Most people see only two divisions of the Bible: the Old Testament, which is viewed primarily for Israel, and the New Testament, which is viewed primarily for the Church. This viewpoint demonstrates a failure to “rightly divide the word of truth” (II Tim. 2:15). Dividing the Scriptures into only two dispensations is insufficient, and dividing between Malachi and Matthew is incorrect.

It’s true that there is a 400 year gap between events of the Old Testament and the events of the New Testament. It’s also true that the Old Testament is written in Hebrew and Aramaic while the New Testament is written in Greek. To understand this issue, we need to look at what the terms “old testament” and “new testament” mean as used in the Scriptures.

The Old Testament

The word “testament” simply means a covenant or an agreement. When God miraculously delivered the nation of Israel out from under Egyptian bondage, He brought them to Mount Sinai. God told them,

“Now therefore, if you will indeed obey My voice and keep My covenant, then you shall be a special treasure to Me above all people; for all the earth is Mine.” (Exo. 19:5)

The covenant He was referring to was the Mosaic Law which He then proceeded to give through His servant, Moses. It is this covenant, the Mosaic law, that is called in Scripture, the “old covenant” or the “old testament” (II Cor. 3:14-15). It is also referred to as the “first” or “former” covenant (Heb. 8:5-7) and it stands in contrast to the “new covenant” or “new testament” (Heb. 8:8-13).

The New Testament

The “new covenant” or “new testament” is prophesied in Jeremiah 31, verses 31-33,

“Behold, the days are coming, says the LORD, when I will make a new covenant with the house of Israel and with the house of Judah—not according to the covenant I made with their fathers in the day that I took them by the hand to lead them out of the land of Egypt, My covenant which they broke, though I was a husband to them, says the LORD. But this is the covenant that I will make with the house of Israel after those days, says the LORD: I will put My law in their minds, and write it on their hearts; and I will be their God, and they shall be My people.”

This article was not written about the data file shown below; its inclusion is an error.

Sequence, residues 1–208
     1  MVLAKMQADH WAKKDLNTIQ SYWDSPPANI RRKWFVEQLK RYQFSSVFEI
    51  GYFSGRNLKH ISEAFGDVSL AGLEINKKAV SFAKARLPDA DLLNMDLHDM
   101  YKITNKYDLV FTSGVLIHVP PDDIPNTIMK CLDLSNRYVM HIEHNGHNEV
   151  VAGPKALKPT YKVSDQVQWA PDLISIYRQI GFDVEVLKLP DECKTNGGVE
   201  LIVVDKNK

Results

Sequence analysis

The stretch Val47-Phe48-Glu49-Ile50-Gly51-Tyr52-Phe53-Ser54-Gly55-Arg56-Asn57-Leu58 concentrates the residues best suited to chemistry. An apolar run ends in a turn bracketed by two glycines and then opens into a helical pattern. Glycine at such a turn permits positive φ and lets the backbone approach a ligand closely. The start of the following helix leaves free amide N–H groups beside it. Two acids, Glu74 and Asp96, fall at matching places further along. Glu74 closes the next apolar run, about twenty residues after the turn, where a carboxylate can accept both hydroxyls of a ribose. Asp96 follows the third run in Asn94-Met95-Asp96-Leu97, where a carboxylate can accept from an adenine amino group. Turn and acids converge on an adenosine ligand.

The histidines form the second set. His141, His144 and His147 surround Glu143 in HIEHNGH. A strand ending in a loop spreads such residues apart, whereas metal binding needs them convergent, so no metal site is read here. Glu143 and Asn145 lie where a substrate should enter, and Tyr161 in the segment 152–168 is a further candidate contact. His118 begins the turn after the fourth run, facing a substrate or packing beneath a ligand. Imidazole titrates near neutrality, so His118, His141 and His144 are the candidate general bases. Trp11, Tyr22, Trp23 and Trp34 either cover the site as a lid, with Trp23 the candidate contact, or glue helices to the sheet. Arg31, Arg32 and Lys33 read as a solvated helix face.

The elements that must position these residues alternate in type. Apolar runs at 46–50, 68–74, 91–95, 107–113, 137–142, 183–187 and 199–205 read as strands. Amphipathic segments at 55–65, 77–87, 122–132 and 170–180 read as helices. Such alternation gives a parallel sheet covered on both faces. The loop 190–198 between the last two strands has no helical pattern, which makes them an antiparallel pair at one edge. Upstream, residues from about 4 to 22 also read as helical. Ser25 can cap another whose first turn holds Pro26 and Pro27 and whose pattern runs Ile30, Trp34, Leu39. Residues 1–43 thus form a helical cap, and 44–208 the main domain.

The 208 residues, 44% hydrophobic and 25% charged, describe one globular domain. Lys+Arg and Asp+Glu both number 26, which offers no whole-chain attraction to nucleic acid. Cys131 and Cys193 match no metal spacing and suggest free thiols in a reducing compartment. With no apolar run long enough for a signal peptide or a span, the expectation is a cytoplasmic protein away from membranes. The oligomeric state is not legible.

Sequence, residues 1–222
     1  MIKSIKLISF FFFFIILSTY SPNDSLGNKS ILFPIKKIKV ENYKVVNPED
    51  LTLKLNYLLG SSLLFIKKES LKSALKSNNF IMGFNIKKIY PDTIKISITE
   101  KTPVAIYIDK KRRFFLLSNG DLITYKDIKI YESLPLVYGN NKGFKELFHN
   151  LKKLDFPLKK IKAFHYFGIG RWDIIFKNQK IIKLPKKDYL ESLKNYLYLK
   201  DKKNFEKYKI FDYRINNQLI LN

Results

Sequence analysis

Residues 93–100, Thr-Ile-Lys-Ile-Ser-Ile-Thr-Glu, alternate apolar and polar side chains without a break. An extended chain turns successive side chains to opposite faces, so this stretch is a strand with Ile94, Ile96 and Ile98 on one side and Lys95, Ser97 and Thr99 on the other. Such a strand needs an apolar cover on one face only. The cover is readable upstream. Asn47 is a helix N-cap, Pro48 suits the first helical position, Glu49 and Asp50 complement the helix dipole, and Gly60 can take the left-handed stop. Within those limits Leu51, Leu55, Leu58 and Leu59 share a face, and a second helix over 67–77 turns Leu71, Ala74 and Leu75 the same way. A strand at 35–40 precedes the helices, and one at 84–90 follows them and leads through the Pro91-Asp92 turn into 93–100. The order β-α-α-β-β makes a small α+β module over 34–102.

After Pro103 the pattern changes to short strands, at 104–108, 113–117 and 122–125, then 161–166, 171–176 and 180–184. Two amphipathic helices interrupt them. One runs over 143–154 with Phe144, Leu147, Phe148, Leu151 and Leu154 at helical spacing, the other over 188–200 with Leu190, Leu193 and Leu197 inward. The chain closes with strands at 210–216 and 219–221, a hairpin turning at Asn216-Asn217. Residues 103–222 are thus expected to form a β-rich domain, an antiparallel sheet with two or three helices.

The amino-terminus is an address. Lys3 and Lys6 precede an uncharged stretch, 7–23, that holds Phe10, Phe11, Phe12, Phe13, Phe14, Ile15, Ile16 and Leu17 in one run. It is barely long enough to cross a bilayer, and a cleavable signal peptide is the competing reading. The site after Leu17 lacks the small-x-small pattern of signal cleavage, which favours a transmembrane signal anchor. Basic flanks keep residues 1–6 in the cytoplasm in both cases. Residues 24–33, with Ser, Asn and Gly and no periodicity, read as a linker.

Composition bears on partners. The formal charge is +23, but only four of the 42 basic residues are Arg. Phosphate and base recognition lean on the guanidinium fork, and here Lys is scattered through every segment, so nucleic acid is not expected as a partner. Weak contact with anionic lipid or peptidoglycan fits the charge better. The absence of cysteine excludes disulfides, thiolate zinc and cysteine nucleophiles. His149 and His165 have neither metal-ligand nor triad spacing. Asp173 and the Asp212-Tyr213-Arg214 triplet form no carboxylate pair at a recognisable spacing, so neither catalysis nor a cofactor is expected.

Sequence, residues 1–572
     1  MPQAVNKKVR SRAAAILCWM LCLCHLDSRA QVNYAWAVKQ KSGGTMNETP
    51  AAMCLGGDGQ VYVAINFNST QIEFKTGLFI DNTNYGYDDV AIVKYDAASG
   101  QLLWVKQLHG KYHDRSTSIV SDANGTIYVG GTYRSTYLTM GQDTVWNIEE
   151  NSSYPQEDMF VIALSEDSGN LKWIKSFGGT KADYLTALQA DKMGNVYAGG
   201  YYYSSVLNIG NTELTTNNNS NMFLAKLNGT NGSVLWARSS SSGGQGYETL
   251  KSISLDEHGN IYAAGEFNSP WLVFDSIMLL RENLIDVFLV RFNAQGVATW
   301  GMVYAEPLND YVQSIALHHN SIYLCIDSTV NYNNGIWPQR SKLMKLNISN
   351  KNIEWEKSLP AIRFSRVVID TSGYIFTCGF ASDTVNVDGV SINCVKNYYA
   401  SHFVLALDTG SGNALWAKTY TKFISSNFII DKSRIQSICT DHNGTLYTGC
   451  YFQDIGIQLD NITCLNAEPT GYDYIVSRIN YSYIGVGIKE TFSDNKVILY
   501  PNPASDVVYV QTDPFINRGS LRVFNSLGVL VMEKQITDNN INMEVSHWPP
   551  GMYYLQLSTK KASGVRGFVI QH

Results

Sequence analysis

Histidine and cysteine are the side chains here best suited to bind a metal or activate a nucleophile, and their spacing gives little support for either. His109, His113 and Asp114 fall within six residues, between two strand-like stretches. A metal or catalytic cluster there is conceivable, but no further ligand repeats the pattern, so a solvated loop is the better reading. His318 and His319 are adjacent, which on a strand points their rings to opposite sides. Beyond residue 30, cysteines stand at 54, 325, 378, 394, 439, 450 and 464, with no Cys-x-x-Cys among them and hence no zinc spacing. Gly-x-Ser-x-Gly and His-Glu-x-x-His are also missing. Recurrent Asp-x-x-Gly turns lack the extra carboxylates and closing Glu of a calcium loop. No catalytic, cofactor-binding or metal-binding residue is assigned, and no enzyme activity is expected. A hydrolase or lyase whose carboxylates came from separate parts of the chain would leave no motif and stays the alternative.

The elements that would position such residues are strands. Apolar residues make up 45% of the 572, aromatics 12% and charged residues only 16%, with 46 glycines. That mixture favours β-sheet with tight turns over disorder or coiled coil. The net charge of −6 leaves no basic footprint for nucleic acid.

God promised to make this covenant with “the house of Israel and with the house of Judah,” not with the church, the body of Christ. Both the “old covenant” and the “new covenant” were for Israel, not for the church of this age.

According to the two-fold division of Old and New Testaments, you would assume that the New began with the birth of Jesus, but that is not true. We read in Galatians 4:4-5,

“But when the fullness of the time had come, God sent forth His Son, born of a woman, born under the law, to redeem those who were under the law …”

The birth of Jesus did not signal the end of the covenant of law. He was born “under the law.” We read in Luke 2:27 and 39 that Joseph and Mary did for Jesus “according to the custom of the law” and “performed all things according to the law of the Lord.” They circumcised Him (2:21), presented Him to the Lord (2:22), and offered a sacrifice for Him (2:24).

The real basis for the new testament was not the birth of Jesus, but His death. We read in Hebrews 9:15 that Jesus Christ was

“… the Mediator of the new covenant, by means of death.”

Just because the death of Christ was the basis for the new covenant, this point in time did not necessarily mark the full realization of the new covenant. Jeremiah 31:34 says,

“No more shall every man teach his neighbor, and every man his brother, saying, Know the Lord, for they all shall know Me, from the least of them to the greatest of them, says the LORD …”

This verse describes an aspect of the new covenant which has never been realized; that all Israel “shall know the LORD.” The new covenant still awaits its fulfillment.